Reading is fundamental

A public service announcement on both television and radio from the late 1960s and early 1970s promoted the idea that Reading Is Fundamental. RIF for short. 

Being a middle school English teacher, I subscribe to that philosophy. There are too many scientific studies that have conclusively determined that reading is the most educationally important skill a person should learn at a young age. Without the ability to read, a person is destined to frustration, certainly in all things education, but more importantly in life, generally speaking.  

Yes, there are anecdotal stories about poor readers who become CEOs and powerful and influential people. Those are the exceptions, however. Using today’s terminology, those people have beaten the metrics. They are rare. 

In the book To Kill a Mockingbird, the narrator, a 6-year-old girl named Scout, has a small crisis. She went to school already knowing how to read. Her teacher, a young, first-year teacher, did not like this, and she demanded that Scout cease reading with her father at night. The teacher’s claim was that Scout learned incorrectly and it would ruin Scout’s reading, along with the belief the teacher now had to break Scout of learning to read without professional instruction so that she could re-teacher the girl how to read “correctly.” 

Scout struggles with the idea, mainly because reading has been natural to her. In actuality, she learned to read all by herself, without her father’s instruction. She makes an amazing statement.“Until I feared I would lose it, I never loved to read. One does not love breathing.”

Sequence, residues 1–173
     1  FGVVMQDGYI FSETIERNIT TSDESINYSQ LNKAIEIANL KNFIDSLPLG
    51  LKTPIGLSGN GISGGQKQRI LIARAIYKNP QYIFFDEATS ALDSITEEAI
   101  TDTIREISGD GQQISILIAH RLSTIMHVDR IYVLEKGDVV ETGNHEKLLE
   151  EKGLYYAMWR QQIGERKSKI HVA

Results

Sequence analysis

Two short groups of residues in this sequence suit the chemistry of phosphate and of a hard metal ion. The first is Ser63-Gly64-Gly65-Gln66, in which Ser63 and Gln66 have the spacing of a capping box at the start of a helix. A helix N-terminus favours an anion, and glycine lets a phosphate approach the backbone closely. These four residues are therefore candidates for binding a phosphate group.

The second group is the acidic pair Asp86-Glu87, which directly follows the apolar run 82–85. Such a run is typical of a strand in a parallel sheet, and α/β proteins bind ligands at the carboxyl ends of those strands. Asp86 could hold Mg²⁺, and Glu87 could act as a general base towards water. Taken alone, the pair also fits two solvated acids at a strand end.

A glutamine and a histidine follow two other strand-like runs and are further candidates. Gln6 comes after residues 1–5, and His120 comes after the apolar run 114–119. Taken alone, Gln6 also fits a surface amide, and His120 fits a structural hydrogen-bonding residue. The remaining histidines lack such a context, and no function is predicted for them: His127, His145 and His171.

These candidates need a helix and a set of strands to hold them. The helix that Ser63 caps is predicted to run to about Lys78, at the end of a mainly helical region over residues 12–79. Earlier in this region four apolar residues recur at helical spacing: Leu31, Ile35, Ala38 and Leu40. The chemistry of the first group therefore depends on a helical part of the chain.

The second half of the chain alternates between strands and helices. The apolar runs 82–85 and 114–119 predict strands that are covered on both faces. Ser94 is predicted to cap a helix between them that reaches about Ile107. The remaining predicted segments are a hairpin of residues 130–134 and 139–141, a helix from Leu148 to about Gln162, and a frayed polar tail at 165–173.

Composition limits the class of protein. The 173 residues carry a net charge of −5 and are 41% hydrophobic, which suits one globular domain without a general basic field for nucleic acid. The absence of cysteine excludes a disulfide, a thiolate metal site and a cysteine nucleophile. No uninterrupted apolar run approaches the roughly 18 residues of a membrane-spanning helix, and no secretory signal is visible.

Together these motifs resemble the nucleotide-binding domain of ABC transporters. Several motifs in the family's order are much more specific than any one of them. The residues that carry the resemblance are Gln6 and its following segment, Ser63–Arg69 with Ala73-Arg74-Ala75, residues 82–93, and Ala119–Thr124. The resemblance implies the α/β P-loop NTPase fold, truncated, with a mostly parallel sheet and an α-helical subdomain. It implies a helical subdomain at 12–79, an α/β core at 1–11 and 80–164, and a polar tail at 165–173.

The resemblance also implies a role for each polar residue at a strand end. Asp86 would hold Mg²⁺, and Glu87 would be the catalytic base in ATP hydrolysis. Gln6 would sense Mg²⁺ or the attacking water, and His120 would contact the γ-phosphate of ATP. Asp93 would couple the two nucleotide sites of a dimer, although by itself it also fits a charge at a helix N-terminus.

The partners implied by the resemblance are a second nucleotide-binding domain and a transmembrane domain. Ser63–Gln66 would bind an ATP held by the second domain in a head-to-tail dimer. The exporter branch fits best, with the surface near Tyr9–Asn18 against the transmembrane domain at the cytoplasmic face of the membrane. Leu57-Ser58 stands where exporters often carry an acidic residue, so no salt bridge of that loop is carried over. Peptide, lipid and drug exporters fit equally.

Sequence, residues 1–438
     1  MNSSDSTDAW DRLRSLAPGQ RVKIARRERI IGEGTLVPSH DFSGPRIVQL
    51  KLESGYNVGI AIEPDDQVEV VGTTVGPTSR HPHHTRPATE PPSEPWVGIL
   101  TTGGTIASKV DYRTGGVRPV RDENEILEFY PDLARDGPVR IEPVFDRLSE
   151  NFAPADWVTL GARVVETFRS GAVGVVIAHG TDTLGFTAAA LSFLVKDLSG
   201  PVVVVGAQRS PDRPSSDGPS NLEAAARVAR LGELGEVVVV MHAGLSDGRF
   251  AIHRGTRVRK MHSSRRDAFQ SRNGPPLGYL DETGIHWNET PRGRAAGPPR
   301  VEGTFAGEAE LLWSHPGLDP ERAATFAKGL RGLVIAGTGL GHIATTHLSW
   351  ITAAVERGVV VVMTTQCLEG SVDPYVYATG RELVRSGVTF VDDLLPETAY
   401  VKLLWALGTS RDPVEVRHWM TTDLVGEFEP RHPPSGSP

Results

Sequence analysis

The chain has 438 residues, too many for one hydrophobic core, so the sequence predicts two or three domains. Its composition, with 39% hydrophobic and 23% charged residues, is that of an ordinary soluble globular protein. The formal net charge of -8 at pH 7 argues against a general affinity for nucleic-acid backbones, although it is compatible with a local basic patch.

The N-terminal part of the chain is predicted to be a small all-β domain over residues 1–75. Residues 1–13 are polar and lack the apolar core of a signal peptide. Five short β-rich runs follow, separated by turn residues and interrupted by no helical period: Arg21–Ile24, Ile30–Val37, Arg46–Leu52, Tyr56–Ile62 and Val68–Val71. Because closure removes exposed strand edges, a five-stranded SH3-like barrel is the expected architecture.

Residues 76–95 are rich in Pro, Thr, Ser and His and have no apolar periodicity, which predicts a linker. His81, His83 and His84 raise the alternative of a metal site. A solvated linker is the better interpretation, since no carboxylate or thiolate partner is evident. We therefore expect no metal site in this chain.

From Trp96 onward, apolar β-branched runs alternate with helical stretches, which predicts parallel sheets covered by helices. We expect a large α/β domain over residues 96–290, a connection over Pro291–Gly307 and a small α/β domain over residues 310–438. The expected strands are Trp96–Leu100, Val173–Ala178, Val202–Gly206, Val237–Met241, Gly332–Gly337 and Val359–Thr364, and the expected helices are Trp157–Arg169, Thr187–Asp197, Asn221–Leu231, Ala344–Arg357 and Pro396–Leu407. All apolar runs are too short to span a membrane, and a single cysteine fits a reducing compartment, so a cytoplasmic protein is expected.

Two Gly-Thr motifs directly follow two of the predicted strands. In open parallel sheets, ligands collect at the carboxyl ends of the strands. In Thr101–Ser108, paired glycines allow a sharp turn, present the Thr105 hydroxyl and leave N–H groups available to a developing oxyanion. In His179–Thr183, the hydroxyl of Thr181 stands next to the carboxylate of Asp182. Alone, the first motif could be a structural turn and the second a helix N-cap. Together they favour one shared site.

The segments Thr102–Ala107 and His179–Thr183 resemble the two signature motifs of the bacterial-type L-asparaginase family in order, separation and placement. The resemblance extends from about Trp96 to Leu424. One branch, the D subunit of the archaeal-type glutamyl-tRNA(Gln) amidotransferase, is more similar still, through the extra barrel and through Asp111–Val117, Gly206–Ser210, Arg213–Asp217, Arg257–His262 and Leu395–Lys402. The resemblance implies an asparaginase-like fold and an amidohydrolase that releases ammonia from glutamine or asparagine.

I know many people who love to read. I love to read. I tell my students that I read for 20-30 minutes every morning, and 20-30 minutes before I go to bed. It seems that I simply cannot not read before retiring, regardless of how late I get home and climb into bed. 

Scout was right. It is like breathing. It is food for my mind and soul. My morning soul food is the Bible, usually 5 chapters. Evening reading consists of a book I am reading for pleasure, or a book I have assigned to my students. 

Of course, I have a wide variety of students in my class, some of them very good readers, and on the opposite end, some who struggle with comprehension because they are challenged with sounding out the words.  

I would like to say that I feel sorry for the struggling readers, and in an educational sense I do. I also realize that they are going to find something in life that excites them as much as reading does me. To that end, our objective as teachers is to help students discover their life’s passion, their life’s work, even if has little to do with reading. 

Regardless, everyone has to be able to follow instructions, follow what is written on a computer screen, know how to read leases and fill out job applications, and a myriad of other things that require reading ability. 

One of the saddest moments in my life occurred when I was working in the office of a plant that manufactured shipping containers. The business was adding a shift on a particular machine and needed 4 more employees. The prospects had to come to our main office window, get an application, fill it out, and turn it in before leaving.  

I left for lunch one day, and the outer office was full. Three or four people in the group were sitting there, attempting to fill out the application, but who could not read. They had brought a friend or relative with them to read the application and fill it out for them. Needless to say, they were not considered for the job, for after filling out an application, they had to take a written test of basic skills privately. The test consisted of simple reading and math skills, each of which were necessary to work the job. 

Certainly, some of these applicants could have done the work, but they had no chance. It made me sad. 

The PSA was correct. Reading Is Fundamental. 

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